Es are dramatic days for Europe and its citizens. The outbreak of the corona virus has hit many Member States hard. No one knows how much this crisis will worsen and how long it will last. Doctors and nurses heroically fight the outbreak at the forefront. At the same time, we who are involved in shaping economic policy must do everything we can to cushion the economic impact of this crisis.
We assume that households as well as small businesses and groups in the euro area will face extremely difficult economic and financial conditions. In response to the economic shock, the ECB’s banking supervisory authority has therefore announced unprecedented measures to relieve capital and flexibility in supervision in recent weeks. We also recommended that banks restrict dividend payments and share buybacks.
Unlike the financial crisis in 2008, banks are not the cause of the problem this time. But we have to make sure that they can be part of the solution. Our cushioning measures should enable banks to continue to provide financial support to private households as well as viable small businesses and groups that have been hardest hit by the crisis.
Our initiatives should not be viewed in isolation, but rather in connection with monetary and fiscal policy measures. In its role as central bank, the ECB has opened up additional, cheap sources of refinancing to banks and has also launched an extraordinary asset purchase program. In the area of banking supervision, we have loosened restrictions through capital and liquidity rules, thereby significantly increasing banks’ ability to lend and absorb losses without the need for prudential measures. Many governments have decided to provide temporary relief to debtors through payment moratoriums and to support banks with credit guarantees. At the same time, we have increased the flexibility of supervision in the regulatory treatment of loans that receive such support.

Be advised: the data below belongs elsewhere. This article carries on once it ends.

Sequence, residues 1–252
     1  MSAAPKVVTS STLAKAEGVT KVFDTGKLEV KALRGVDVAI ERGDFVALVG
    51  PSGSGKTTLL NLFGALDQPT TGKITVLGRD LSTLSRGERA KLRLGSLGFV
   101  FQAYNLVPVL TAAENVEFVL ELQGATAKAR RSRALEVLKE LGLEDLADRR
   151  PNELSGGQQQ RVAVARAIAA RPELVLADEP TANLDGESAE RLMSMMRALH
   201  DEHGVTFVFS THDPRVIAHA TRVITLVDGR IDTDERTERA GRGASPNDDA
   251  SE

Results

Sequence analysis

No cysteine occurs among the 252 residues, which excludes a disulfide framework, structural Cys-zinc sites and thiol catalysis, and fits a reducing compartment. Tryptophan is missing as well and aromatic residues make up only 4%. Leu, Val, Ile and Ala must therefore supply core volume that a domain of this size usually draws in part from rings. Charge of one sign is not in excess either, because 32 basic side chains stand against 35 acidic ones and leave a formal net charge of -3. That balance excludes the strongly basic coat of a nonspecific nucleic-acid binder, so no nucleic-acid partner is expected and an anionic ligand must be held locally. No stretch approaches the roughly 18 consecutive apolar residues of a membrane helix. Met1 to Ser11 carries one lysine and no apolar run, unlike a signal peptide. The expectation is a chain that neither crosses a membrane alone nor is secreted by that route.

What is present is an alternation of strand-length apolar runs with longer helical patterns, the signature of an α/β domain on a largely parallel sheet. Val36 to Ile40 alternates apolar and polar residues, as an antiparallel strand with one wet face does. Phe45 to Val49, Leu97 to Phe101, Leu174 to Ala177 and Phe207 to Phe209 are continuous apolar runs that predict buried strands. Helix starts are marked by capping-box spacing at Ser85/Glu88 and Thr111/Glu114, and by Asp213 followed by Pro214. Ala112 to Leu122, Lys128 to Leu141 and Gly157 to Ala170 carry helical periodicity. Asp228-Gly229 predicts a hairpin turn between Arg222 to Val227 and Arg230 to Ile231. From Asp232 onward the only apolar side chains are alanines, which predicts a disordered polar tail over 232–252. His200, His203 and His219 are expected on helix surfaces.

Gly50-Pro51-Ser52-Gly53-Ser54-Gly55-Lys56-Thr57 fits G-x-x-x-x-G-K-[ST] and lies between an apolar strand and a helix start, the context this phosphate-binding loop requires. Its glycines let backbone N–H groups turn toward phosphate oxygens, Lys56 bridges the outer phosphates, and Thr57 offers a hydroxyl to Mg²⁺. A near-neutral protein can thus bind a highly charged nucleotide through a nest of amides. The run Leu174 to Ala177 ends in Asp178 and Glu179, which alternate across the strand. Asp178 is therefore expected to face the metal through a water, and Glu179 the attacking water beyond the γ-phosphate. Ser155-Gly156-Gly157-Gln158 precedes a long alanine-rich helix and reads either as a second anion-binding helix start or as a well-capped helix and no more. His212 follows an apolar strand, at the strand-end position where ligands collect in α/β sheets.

As part of our mandate as a regulator, we also asked banks to mitigate as much as possible the procyclicality associated with their models for determining loan loss provisions that were developed in accordance with international accounting standards (IFRS 9). This prevents the volatility of valuations under IFRS 9 from being significantly reflected in banks’ capital and in their profit and loss accounts during the crisis.
In view of the current difficult operational conditions and market conditions, we have also decided to postpone the final adoption and implementation of various supervisory decisions for a period of at least six months. We also informed the banks that we will be as flexible as possible when evaluating the implementation of current plans to reduce the number of non-performing loans.
Recommendation also for dividends for 2019
In my view, this should not be a one-way street. The world around us is currently coming to a standstill and everyone is fighting together against the corona virus. Banks and shareholders must also make their contribution to this joint effort. Own funds are the most effective tool for banks against unexpected shocks. Unfortunately, we are now warned and the economic shock resulting from the crisis can no longer be considered unexpected. We do not yet know how much and how long economic output will shrink. We hope for the best, of course, but we have to be prepared for the worst.
We have to maintain the capital base in the banking system so that banks can grant loans and absorb losses, especially when it is particularly necessary. For this reason, last week the ECB’s banking supervisory authority recommended that banks make no dividend payments or share buybacks until at least October 2020. This recommendation also applies to dividends for 2019 that have not yet been paid out – according to our information, around 30 billion euros. Banks that have submitted a dividend proposal to their shareholders for voting at the next general meeting should change it in accordance with our recommendation.
I firmly believe that these measures are in the long-term interest of the banks and their shareholders. By maintaining their critical functions and increasing support from households, small businesses and corporations as well as other financial institutions, banks are making an effective contribution to maintaining their value and strengthening their reputation.
Europe and its citizens face an extraordinary challenge. Only by mastering them can we ensure that the European banking sector remains solid and can help our economies recover quickly once this unprecedented crisis is over.
Andrea Enria is Chairman of the ECB’s European Banking Authority.